Section 6-1: Canadian Guidelines on Sexually Transmitted Infections – Specific Populations – Immigrants and refugees

Section 6 - Specific Populations

Immigrants and Refugees

Definitions

A legal immigrant is a person born outside of Canada who has been granted the right to live in Canada permanently by immigration authorities, whereas an illegal immigrant has not been granted such a right. A refugee is a person outside his/her country of nationality who is unable or unwilling to return because of persecution on account of race, religion, nationality, membership in a particular social group, or political opinion.Footnote 1

Epidemiology

Over 5 million Canadians were born outside of the country, and about 250,000 new immigrants arrive in Canada each year,Footnote 2,Footnote 5 but data on migrant health in Canada are limited. Recent immigrants underuse health services; it has not been established whether this is associated with cultural barriers, language barriers, reduced perceived needs, reduced needs (this healthy immigrant effect refers to recent immigrants being healthier than Canadian-born individuals) or socioeconomic barriers (e.g., lack of access to telephone, transportation to clinic, etc).Footnote 4 - 7 Many countries of origin have much higher rates of sexually transmitted infections (STIs) than Canada.Footnote 8,Footnote 9

Prevention and Control

Health care providers should pay special attention to the complex and stressful process that newcomers may have to undergo to integrate into a new society. Potential loss of social support and cultural identity during the transition may prove challenging. Illegal immigrants present even greater challenges because of the underground nature of their existence. They do not have health insurance and may avoid seeking medical attention for fear of being deported.

Clinical and public health services need to be sensitized to the following issues in the provision of affordable, comprehensive and culturally/linguistically appropriate sexual health counselling and STI prevention and management services for the immigrant and refugee populationFootnote 10Footnote 12:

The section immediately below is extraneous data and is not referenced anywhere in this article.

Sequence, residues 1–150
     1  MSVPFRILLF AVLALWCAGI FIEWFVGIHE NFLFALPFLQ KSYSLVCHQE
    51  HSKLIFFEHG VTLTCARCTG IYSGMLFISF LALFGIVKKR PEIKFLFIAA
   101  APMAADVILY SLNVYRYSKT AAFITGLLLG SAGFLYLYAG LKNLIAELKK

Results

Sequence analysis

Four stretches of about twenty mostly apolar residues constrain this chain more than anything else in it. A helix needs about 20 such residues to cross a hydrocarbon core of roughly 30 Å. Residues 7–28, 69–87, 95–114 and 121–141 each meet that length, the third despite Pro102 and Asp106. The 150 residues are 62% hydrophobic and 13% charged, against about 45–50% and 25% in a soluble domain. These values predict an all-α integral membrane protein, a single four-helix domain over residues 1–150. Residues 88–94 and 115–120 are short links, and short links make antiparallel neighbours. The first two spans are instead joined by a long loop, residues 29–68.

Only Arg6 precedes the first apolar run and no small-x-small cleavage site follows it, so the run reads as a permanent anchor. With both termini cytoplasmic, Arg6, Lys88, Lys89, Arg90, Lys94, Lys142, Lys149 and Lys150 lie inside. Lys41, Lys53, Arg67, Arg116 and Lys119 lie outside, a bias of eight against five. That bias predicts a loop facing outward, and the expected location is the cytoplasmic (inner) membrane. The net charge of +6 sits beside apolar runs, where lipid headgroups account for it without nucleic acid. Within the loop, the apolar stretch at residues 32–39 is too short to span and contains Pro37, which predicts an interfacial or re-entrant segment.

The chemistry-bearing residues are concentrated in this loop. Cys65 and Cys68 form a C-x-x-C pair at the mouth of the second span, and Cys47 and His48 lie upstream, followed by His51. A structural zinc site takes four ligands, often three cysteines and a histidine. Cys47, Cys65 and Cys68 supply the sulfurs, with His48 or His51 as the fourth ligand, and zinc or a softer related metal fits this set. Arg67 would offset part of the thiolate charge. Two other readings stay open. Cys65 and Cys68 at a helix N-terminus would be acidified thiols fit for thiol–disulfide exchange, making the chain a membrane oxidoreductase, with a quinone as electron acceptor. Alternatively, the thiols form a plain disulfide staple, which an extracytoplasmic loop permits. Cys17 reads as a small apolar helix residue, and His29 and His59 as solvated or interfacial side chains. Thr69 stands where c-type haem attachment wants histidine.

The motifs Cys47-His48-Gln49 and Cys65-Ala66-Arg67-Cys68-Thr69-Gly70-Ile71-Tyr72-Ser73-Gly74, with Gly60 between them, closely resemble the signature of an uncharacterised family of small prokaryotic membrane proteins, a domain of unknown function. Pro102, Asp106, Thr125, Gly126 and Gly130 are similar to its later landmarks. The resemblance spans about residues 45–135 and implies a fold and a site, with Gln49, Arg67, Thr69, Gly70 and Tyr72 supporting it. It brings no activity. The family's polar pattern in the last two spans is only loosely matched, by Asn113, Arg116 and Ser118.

• Language, cultural and socioeconomic barriers may prevent access to STI and prevention services.
  • This population may experience social isolation from loss of social support.
  • Understanding social/sexual mixing patterns, health belief systems, practices and taboos is important in STI prevention, diagnosis, management and partner notification.
  • Health care providers need to be aware of stigma and discrimination so that individuals from high-prevalence countries are not stigmatized.
  • Mental health, including post-traumatic stress disorder, can influence behaviours and interaction with the health system.
  • Gender power differential and domestic violence can be barriers to prevention and partner notification.
  • Patients may have a history of torture and rape.
  • Patients my have a limited knowledge of STIs in Canada and other health resources.
  • There may be a travel-related risk of patients either carrying an STI from their place of origin or of acquiring an STI when they return home to visit friends/relatives. This population is less likely to seek pre-travel advice or post-travel care.

Evaluation

Risk Assessment

A non-judgmental and culturally sensitive STI risk assessment should be part of a comprehensive approach to the prevention and early detection of STIs. Issues to explore include the following:

  • The presence of opposite-sex and same-sex activity.
  • The range and frequency of various sexual practices, taking into account cultural and gender context (see Primary Care and Sexually Transmitted Infections chapter).